* As one would expect, 95% of Beaufort's respondents think it is a good idea to diversify the economy in the Lowcountry by creating more tech-oriented job opportunities. The BDC can help with startups by providing mentors with solid industry experience, planning next steps in business development and budgeting, and furnishing a collaborative environment in which to work.

* Over 75% are familiar with the BDC either by having heard of it or attending events such as the Fridays @ the Corridor, TECHconnect, CODEcamps, or having visited the Art Gallery. It is no secret that the BDC is open to helping others achieve their dream of starting a tech business. BDC's BASEcamp is a place where minds engage with each other as well as the community to create a thriving ecosystem here in Beaufort.

"Nurturing Beaufort's technology entrepreneurs is something we take very seriously at the BDC," said Kevin Klinger. "This survey helps us understand the Beaufort entrepreneurial climate plus the findings potentially help other education and commerce initiatives here in the Lowcountry."

Jessica Duke: Insight on Health Tech

Leadership Technology Profile on resident of Beaufort Digital Corridor, Jessica Duke

Jessica Duke, healthcare technology manager, works for Huron based out of Chicago, IL. Huron is a global consulting firm that collaborates with clients to drive strategic growth, ignite innovation, and navigate change. Jessica joined the healthcare business two and half years ago.

Where did you grow up?

I am a true Beaufortonian. I was raised in Beaufort and actually was born at Beaufort Memorial Hospital. I grew up running the streets of Mossy Oaks and graduated from Beaufort High School. When attending Beaufort High, I preformed often with the Beaufort High Theatre Department. On stage, I blossomed as a person and truly discovered my own personality. I gained strength and communication skills playing different characters.

What is your most memorable first job? What did you learn from it?

Fresh out of high school, I worked as an intern for the Arts Council of Beaufort where I had my first experiences with project management. During my internship, artists from around the country would arrive to practice and display their crafts. The executive director would assign me projects and tasks to complete. The whole experience was eye opening for this Beaufort girl.

In your own words what does your company do?

I am part of Huron's healthcare technology services group. My team and I design and implement technology solutions for our clients. Within the healthcare technology services group, different teams provide hospitals and clinics with different technology solutions focused on optimization and improvement. Our clients range from small rural hospitals or clinics to large academic health centers and hospital systems.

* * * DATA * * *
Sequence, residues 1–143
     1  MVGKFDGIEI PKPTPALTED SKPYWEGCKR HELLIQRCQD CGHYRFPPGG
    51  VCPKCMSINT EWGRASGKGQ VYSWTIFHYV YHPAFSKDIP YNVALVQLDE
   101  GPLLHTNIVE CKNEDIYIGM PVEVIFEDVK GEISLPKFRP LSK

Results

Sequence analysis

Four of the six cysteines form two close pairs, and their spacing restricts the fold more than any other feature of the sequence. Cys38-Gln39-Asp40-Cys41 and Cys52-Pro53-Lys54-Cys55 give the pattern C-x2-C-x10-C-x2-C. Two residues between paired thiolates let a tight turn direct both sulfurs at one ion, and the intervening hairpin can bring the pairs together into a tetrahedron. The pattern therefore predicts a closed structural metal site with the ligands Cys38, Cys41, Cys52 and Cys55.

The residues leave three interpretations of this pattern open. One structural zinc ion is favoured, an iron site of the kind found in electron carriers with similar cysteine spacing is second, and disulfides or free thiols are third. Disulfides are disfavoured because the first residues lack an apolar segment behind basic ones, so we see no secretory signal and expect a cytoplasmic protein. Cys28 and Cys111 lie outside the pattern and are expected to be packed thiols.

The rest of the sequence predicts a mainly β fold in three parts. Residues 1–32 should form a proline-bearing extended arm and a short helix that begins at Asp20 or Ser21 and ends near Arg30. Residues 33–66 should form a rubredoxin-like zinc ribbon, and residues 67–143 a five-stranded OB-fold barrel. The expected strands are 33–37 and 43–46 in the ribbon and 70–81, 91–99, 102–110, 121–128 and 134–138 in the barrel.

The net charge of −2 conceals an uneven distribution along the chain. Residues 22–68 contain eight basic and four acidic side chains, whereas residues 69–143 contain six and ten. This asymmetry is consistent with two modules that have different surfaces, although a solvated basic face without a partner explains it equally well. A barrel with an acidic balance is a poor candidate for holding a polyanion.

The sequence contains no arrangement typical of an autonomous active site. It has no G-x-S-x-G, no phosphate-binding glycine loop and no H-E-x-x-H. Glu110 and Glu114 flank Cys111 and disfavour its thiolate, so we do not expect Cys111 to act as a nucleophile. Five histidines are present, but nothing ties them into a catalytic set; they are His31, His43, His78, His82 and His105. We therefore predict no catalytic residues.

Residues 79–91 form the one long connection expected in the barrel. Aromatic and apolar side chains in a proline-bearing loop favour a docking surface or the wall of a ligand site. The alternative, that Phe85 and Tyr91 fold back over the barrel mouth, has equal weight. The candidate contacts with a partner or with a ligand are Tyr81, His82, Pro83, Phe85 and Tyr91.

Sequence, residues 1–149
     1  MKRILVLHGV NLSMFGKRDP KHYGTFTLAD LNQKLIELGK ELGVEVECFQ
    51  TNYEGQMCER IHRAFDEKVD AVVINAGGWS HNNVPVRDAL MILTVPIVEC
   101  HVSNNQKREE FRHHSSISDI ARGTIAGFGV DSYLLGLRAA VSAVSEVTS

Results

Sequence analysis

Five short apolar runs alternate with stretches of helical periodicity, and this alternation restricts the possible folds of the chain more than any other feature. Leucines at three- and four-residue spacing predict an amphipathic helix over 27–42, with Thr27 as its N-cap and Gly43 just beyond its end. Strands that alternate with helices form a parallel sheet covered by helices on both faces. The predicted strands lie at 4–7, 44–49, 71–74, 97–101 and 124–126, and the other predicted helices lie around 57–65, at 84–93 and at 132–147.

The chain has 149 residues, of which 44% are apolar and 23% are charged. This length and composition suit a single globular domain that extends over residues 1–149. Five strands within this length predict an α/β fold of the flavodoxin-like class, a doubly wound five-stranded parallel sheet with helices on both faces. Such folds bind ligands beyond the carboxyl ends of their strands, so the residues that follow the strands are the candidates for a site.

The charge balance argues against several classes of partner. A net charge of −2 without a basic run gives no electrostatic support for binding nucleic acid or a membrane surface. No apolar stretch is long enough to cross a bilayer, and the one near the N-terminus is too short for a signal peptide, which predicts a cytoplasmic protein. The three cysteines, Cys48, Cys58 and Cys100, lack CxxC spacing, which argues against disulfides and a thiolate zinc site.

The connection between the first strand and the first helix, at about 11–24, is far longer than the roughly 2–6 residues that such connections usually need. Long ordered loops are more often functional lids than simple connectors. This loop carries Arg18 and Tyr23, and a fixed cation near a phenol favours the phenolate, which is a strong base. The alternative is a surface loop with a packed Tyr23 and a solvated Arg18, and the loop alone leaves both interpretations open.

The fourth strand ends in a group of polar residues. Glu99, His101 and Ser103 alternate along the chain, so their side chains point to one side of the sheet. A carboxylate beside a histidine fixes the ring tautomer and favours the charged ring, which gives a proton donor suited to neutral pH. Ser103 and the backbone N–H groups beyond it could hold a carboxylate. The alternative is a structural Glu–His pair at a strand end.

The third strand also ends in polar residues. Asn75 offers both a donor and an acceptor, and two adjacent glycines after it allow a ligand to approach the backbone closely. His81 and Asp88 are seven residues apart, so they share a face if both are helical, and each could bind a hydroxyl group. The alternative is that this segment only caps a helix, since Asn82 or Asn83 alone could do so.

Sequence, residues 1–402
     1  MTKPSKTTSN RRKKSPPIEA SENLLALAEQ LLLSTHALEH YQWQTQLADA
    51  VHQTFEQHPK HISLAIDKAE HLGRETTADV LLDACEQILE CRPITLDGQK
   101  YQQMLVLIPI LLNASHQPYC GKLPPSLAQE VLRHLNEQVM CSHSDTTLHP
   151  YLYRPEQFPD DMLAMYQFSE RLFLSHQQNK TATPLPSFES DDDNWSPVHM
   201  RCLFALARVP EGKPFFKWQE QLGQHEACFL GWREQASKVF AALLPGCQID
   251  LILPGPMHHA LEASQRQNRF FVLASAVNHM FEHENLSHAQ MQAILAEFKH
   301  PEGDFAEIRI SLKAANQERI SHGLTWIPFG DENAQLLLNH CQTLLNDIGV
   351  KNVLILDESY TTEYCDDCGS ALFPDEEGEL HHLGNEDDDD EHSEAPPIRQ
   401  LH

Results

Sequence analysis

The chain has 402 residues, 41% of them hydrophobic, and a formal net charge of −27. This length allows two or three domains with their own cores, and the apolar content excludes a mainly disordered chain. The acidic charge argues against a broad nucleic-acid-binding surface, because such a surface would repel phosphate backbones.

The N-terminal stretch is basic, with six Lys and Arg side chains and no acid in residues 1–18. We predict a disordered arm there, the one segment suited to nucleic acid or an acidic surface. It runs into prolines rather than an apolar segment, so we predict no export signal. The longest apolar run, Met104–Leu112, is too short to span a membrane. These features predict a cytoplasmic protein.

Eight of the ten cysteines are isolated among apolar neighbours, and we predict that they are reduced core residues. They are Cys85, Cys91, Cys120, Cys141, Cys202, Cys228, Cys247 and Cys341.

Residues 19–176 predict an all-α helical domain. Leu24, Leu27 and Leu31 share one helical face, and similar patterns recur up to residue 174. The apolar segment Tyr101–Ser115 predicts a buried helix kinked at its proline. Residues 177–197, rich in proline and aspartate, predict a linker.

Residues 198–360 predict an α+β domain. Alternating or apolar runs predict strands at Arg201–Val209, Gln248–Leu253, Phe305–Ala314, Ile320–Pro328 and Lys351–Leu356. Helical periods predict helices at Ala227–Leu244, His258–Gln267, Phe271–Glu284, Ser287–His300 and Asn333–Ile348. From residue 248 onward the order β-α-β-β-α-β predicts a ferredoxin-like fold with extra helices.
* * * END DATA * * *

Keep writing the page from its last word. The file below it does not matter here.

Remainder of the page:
What drew you to this company?

Well, that is an interesting story. I was encouraged by my mentor to update by LinkedIn page with my current job experience. Shortly after, I received a private message from a recruiter at Huron. I did not think I was interested because I was not sure what consulting was. But then I thought, every door opens for a reason. I responded to the recruiter and everything flowed organically from there. The next thing I knew I was on an airplane to Chicago. It was a great opportunity that I could not deny.

How would you describe your company's culture?

Huron is an organization that believes in collaboration amongst its employees. One of the things I love about Huron is its culture. They believe in the key points of integrity, encouraging intellectual curiosity and facilitating continuing education. Even during COVID, the culture at Huron has not changed. The collaborative approach continues to be re-iterated through the stay-at-home orders and migrating to virtual meeting spaces. Huron has provided me the tools and resources to get through some of the toughest days.

What is your management style?

The technical term would be transformational. Transformational leaders work with teams to identify change, drive with vision, and equally work with team members. When working with my current team, I like to have open communication and encourage transparency. I have regular meetings to make sure we are all on the same page. I value my team's input. I think that is the way Huron approaches all projects. That is certainly how I feel when I am on a project with another leader. My company has also challenged me to grow in my management skills.

What lessons have you learned from good bosses?

Donna McHale, my current leader, has provided me an opportunity to grow in my position. She fully trusts my abilities. She has taught me how to be a constructive communicator and best of all, how to delegate! I am one of those people who thinks I need to do everything myself. I am learning to delegate. I am not there yet, but I am trying to learn.

What is the most important lesson you have learned in business?

At the end of the day, I need to step away and have personal time. Work/life balance is a difficult concept for me as an overachiever. The good thing is that Huron supports and encourages this. With COVID creating the "new normal" of working from home and not traveling, it is very easy to work 14- or 16-hour days. Therefore, burn out is still inevitable for remote workers. Work/life balance is a huge component and a hard lesson to learn. It has been one the most important lessons I have learned as a healthcare consultant. One factor that has enabled my work/life balance was the office at the Beaufort Digital Corridor (BDC). During COVID, I was able to continue to virtually meet with clients in a safe and still effective space. When my workday is completed, I can securely walk away from my workday. The atmosphere at the BDC also supports the technology growth. Kudos to Councilmen Stephen Murray for telling me about the opportunities at BDC!